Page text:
(Indeed George Soros has discussed this surcharge mechanism rather extensively, and has been talking about it for years, primarily as a trade-only currency adjustment metric. See the Balassa-Samuelson Theory, wherein purchase power parity=exchange rate.) The fact is, China's trade surplus is in large part a result of various accounting. And, our excessive trade deficit is also largely the result of accounting inaccuracies, in the way trade (and inflows, outflows, currency differentials, etc.) is measured. (Also, see the Big Mac Index for reference.)

Again, the policy key is to avoid a liquidity trap. The aim is not just to reflate, but to create knowledge worker jobs (and long-term sustainable wealth) from the bottom-up. Tax cuts are great, sufficient taxable income is first needed for folks to be paying taxes. Wiping away consumer credit card balances would only mask the underlying problem. Simply driving new consumer purchases--by rebate checks--sends dollars back over to China, and really does not promote capital formation here in the form of new investment. The big box stores are a huge contributor to our problem right now. Even large capital projects benefit primarily union trade labor, and service workers only secondarily. Wealth creation originates with innovations financed at a ground base level, often through localized incubators. Much of the "top down" financial engineering innovation from Wall Street--aimed at automation and cost reductions--didn't work, and resulted in more debt and exported jobs. We need a new approach. M&A alone does not create value. And alas...we need an entirely new mortgage paradigm...with variabilities on each side of the ratio...more shared risk and fluidity all the way around. Perhaps loan balances that float with resale prices?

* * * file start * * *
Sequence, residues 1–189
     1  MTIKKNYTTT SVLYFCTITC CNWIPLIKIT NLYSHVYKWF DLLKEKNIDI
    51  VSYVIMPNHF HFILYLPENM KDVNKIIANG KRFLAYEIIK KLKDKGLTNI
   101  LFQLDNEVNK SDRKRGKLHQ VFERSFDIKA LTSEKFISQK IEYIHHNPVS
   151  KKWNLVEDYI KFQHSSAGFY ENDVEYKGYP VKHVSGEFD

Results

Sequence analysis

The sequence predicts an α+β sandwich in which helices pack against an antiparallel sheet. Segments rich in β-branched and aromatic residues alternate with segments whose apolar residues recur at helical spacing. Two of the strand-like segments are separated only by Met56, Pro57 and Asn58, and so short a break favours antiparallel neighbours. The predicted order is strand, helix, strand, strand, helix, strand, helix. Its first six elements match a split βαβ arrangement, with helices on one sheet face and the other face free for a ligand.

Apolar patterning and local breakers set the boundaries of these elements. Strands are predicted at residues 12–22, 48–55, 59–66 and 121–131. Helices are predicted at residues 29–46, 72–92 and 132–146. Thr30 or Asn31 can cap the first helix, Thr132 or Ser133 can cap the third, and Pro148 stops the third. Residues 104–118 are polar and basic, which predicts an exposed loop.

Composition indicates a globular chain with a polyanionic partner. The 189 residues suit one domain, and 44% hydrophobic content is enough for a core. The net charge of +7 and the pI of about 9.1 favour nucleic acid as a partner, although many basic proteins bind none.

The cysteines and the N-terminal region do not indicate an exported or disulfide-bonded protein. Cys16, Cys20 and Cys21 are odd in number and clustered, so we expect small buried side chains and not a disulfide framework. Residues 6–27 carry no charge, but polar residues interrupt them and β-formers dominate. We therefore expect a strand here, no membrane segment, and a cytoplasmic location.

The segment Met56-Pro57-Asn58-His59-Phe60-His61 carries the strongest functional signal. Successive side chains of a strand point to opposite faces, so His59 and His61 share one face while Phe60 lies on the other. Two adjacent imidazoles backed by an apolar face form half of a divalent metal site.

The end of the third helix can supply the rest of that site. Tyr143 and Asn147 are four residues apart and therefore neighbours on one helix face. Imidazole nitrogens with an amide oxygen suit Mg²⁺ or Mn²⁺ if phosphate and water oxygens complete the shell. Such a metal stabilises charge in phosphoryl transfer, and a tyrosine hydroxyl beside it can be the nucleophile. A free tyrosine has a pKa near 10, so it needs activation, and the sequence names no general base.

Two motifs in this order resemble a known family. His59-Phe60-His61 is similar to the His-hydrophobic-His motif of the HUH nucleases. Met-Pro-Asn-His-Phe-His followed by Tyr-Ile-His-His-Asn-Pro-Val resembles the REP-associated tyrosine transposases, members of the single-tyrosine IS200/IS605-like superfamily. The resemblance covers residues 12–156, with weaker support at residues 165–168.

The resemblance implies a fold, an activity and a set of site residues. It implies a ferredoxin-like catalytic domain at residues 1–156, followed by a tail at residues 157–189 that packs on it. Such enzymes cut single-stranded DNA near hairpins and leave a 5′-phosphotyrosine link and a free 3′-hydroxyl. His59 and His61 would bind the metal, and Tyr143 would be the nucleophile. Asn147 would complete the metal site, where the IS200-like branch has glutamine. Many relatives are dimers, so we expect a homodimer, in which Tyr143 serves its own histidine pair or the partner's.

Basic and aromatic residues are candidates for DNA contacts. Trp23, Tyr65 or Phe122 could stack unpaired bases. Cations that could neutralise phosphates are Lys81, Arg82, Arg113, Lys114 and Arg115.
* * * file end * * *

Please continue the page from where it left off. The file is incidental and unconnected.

According to Harvard Professor, Niall Ferguson, "The delusion that a crisis of excess debt can be solved by creating more debt is at the heart of the Great Repression. Yet that is precisely what most governments currently propose to do." Hence, we--the collective 'we'--shall see what is in store.

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Monday, May 18, 2009

An Ode to George Bush

A boy once lived in the land
of giant dreams and giant dreamers.
He felt very small.

Big dreams would come and go,
appear then vanish. Most dreams
had to do with becoming
'King of the Rat Race.'

The big dreams were like
huge balloons...when launched
people claimed they would
fly forever, with no end in sight.

As they climbed higher and higher
they became smaller and smaller, until...
they disappeared.

--G. Hall

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Friday, May 1, 2009

Walking With Grandpa

"Walking With Grandpa" by Uncle Greg -AS FEATURED in Chicken Soup For the PreTeen Soul, October 12, 2000